- You are habitually resident in England and Wales and have resided here for 6 months and you are also domiciled in England and Wales;
- Both you and your spouse are domiciled in England and Wales.
DOMICILE VS RESIDENCE
To establish habitual residence, you need to show that you have a right to reside in that country and intend to make it your home for the time being. Domicile is a much more permanent concept than residence. You will have a domicile of origin, which is usually the domicile of your father at the time of your birth, or the domicile of your mother if your parents were unmarried. To gain a new domicile, you have to show that you intend to live permanently in the new country and you do not intend to return to live in your domicile of origin. This is a complex issue however and expert, detailed advice should be taken.
ARE THERE ADVANTAGES IF I CHOOSE TO DIVORCE ABROAD?
Depending on what other jurisdiction is available to you, it may be more advantageous financially to divorce in another country.
The media often reports that England is the “divorce capital of the world.” This phrase has been coined following a number of significant financial settlements in favour of spouses who have specifically chosen to seek divorce settlements in this country. In comparison to other jurisdictions, the English Court emphasises equality in financial settlements in circumstances where there is a surplus of assets to meet the parties’ housing needs. Thus, whether this is beneficial to you will depend on whether you are likely to be the paying or receiving party.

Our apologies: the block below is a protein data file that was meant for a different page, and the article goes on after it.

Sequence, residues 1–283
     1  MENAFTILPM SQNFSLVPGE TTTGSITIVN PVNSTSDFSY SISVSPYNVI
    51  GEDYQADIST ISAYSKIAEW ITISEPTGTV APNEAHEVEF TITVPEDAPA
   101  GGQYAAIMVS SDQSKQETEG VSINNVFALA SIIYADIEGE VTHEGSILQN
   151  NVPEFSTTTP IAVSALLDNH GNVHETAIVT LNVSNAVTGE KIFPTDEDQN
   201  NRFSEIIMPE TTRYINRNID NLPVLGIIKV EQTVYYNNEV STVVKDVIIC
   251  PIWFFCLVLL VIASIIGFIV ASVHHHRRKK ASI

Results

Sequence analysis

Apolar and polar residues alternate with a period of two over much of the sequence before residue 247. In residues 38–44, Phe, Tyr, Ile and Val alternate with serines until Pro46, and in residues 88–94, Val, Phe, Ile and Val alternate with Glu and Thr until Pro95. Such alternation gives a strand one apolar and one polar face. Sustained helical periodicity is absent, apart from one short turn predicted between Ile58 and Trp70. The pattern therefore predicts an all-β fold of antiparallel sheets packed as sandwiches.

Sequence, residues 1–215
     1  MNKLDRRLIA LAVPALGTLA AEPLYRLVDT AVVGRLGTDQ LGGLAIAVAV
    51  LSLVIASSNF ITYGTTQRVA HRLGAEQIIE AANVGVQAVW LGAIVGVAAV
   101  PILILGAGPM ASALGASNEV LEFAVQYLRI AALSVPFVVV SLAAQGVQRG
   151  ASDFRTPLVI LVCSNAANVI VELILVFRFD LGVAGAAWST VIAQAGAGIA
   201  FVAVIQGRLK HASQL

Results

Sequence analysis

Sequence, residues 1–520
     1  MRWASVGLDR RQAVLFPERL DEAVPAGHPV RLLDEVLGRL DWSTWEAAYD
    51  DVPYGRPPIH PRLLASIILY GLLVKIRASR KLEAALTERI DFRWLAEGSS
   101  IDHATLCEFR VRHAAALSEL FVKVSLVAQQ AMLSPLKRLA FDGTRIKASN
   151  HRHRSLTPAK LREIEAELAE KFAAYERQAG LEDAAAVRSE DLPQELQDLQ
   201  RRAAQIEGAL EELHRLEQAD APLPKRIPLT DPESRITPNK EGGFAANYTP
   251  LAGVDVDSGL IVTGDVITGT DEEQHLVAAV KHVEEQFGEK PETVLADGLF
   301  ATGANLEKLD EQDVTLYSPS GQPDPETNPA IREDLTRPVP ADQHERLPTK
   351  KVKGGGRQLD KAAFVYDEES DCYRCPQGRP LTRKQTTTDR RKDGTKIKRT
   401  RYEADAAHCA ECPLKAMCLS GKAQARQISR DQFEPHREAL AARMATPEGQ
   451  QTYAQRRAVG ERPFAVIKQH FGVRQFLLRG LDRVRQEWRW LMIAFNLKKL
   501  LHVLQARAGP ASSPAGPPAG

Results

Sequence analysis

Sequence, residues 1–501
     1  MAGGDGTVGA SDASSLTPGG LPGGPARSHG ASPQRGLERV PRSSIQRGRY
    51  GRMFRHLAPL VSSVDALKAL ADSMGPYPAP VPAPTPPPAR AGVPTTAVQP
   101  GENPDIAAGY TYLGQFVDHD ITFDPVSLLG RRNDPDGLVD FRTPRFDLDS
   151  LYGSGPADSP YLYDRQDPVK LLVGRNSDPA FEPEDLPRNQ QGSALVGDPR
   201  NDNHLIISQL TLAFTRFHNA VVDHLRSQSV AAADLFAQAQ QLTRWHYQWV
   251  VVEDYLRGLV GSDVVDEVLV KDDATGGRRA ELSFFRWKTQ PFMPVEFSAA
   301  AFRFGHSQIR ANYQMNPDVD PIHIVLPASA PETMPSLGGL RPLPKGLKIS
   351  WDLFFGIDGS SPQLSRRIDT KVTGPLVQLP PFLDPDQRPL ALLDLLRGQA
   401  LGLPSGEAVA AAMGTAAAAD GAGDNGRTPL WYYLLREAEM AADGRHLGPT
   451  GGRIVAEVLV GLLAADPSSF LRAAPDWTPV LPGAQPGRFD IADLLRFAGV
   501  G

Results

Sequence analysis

A good first step is to attend an initial meeting to take advice on how the English Court is likely to deal with your dividing your assets. You can then compare this with the financial remedy provision available in any other country which has jurisdiction to deal with your divorce.
IF I GET MARRIED IN A DIFFERENT COUNTRY, WILL MY MARRIAGE STILL BE RECOGNISED IN ENGLAND?
Usually yes, provided that you have complied with the requirements of a lawful marriage ceremony in the destination country.
If your marriage certificate is not in English and you intend to divorce in this country, you will need to obtain a certified translation to send to the Court. Your solicitor can arrange this for you.
WHERE SHOULD THE DIVORCE TAKE PLACE IF I WAS MARRIED ABROAD?
This will depend entirely on the facts of your case. It is often helpful to consider what the most important factors are to you, which can include:
- Ease and speed of the process;
- How the Court will approach the financial settlement;
- Where a pre-nuptial agreement has been drawn up and whether it will be upheld
- How the Court will approach arrangements for the children.
At Rayden Solicitors, we are more than happy to meet with you to give you tailored advice on how the Courts of England and Wales are likely to deal with your international divorce and discuss the advantages or disadvantages of pursuing an international divorce and financial settlement.
If you would like to talk to a specialist family law solicitor about any of the issues raised in this blog, please contact us.